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Look at These Labels

by Erin Hammeke, Senior Conservator

Archival boxes with picture labels of objects inside.

We get pretty excited about labels in the Conservation Services department, as evidenced by this post, and this one. Apart from spine labels, we frequently add signage to our enclosures to provide information about what’s inside and how it should be handled.

We often add picture labels to the outsides of our enclosures, particularly those containing fragile objects. We find these labels cut down on browsing and give and idea of what’s inside.

Picture labels can be created fairly quickly by capturing at relatively low resolution and under normal lighting conditions. We photograph items on a white background in our digital photographic documentation studio. Using the levels adjustments in Photoshop, select the white eyedropper and then select the white background. This usually causes the background to disappear and makes for a cleaner looking label.

Examples of object labels

We add in handling information specific to the item, such as HANDLE WITH GLOVES or CAUTION: SHARP!

We also print of sheets of small labels with common handling concerns, such as CONTAINS GLASS, FRAGILE, HEAVY. This makes for quick and easy labeling of boxes that otherwise wouldn’t get a special photo label.

Label that reads "Heavy"

Label that reads "Fragile"

We’ve even had luck playing with clip art to make some useful handling labels.

Label for a "two person lift", including the weight of the box.

Infographics

Graphic label showing how to move the object.

 

Label describing how to use enclosure with attached cradle.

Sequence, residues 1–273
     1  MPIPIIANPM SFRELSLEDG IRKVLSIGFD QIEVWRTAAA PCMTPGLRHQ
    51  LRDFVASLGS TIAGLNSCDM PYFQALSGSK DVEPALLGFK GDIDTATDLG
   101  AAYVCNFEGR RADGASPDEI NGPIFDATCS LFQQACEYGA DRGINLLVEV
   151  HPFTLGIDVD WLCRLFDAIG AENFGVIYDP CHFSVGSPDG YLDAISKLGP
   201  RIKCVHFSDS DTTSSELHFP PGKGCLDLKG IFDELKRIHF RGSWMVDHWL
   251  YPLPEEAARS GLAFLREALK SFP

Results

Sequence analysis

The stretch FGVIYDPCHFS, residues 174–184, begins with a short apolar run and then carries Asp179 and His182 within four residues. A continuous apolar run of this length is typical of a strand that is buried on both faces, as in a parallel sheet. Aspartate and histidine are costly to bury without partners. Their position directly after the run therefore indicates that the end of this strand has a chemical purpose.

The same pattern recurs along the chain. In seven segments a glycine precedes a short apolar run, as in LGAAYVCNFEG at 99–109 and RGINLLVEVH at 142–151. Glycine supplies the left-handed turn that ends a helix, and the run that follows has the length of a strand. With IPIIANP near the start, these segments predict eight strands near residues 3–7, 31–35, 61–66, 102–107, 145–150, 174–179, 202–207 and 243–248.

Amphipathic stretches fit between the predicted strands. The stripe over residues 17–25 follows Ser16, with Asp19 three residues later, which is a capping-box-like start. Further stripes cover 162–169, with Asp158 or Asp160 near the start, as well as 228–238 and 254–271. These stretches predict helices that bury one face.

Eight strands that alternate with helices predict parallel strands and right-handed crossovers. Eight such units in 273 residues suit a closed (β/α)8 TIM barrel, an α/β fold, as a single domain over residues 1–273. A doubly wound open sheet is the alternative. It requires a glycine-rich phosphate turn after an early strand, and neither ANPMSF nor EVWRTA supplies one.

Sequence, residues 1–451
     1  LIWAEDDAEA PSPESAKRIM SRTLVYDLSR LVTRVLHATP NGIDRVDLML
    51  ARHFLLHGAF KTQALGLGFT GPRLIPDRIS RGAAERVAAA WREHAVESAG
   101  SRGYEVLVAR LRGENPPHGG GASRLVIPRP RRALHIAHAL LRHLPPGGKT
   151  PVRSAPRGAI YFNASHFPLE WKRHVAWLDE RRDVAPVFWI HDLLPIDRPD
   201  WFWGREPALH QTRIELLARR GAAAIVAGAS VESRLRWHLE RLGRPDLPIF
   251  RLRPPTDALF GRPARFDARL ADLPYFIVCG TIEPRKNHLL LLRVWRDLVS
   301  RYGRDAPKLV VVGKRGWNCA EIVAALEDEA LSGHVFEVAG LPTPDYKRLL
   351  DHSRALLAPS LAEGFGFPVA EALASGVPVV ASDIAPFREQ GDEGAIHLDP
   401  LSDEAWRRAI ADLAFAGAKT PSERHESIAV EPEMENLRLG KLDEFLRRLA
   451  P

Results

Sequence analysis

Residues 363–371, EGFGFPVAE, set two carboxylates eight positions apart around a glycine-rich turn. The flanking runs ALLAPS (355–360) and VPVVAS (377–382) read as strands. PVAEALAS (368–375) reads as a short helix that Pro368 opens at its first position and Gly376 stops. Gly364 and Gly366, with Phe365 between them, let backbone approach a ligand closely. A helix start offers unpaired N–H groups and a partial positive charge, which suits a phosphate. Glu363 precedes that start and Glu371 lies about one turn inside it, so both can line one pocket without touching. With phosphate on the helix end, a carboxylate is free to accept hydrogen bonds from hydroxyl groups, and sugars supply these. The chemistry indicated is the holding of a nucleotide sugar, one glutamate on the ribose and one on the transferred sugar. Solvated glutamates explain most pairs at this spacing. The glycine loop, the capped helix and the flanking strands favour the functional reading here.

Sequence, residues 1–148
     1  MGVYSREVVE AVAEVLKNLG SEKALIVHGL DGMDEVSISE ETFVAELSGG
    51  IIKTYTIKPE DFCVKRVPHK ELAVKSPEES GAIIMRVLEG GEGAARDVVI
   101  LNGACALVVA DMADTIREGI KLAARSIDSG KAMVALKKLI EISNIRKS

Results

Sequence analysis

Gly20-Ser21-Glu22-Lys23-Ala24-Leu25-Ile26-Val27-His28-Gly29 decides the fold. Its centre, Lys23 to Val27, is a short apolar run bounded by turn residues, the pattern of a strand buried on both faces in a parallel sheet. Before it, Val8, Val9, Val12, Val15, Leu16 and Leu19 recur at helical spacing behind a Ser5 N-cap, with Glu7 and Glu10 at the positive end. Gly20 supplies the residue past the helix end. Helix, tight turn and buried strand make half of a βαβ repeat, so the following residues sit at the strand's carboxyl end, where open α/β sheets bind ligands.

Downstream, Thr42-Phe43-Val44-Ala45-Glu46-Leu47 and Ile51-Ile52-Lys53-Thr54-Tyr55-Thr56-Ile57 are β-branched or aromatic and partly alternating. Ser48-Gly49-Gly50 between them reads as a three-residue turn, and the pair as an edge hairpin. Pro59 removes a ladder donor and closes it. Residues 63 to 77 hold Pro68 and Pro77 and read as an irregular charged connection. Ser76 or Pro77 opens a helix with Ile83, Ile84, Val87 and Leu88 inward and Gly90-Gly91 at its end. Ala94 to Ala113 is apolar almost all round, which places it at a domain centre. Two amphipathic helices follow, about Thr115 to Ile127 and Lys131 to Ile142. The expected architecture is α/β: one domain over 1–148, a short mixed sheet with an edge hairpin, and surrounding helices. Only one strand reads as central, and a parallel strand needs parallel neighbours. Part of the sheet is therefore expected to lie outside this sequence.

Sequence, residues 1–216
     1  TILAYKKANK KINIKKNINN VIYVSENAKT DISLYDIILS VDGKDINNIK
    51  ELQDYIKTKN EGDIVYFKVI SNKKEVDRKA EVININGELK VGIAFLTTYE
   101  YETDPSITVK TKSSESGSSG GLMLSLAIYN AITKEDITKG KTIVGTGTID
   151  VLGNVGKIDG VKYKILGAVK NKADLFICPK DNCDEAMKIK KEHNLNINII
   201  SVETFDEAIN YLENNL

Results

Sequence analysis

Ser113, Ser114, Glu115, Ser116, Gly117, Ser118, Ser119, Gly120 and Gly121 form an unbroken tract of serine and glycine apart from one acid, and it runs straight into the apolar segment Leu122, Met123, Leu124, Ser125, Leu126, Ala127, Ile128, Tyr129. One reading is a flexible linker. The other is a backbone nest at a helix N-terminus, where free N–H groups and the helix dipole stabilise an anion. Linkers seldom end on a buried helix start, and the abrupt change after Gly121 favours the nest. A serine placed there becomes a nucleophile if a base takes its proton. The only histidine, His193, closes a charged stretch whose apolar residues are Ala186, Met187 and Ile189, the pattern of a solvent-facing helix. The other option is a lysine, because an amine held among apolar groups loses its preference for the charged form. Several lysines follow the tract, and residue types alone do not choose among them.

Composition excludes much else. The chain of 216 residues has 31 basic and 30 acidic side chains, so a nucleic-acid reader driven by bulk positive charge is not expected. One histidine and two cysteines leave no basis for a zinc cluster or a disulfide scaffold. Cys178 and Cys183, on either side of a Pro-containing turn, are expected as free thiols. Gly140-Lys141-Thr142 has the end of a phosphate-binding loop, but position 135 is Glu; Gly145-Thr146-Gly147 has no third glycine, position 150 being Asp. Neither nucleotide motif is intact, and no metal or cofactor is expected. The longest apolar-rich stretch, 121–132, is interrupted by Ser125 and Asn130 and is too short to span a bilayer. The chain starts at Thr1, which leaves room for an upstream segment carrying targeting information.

Sometimes you need a simple and specific way of demonstrating how to handle an item, and narrative text or clip art just won’t cut it. We’ve had some luck creating infographic style labels using this process:

  • Take a high resolution photo of the action/item you’d like to have pictured in your infographic label.
  • In Photoshop, open your image and create a new layer on top of the image.
  • On the new layer you’ve created, trace the elements with a drawing tool. Working at 100% or higher, and using the smoothing settings will help to improve any jagged or rough-looking lines in your drawing.
  • Copy the layer with the drawing and paste it onto a new blank canvas with a white background. Make any final adjustments to your drawing, keeping in mind that it doesn’t have to be perfect.
  • Reduce the size of your drawing without reducing the file quality. Most of these images will not be printed out very large, so pick a label size, such as 2 x 4” and resize the drawing so it fits on that label. You will find that most imperfections in the drawing will not be noticeable when the drawing is resized.

 

2 thoughts on “Look at These Labels”

  1. Thanks for this information about your labels. The labels are so great and intuitive. I appreciate you sharing. I hope to be able to use some of these ideas in our library.

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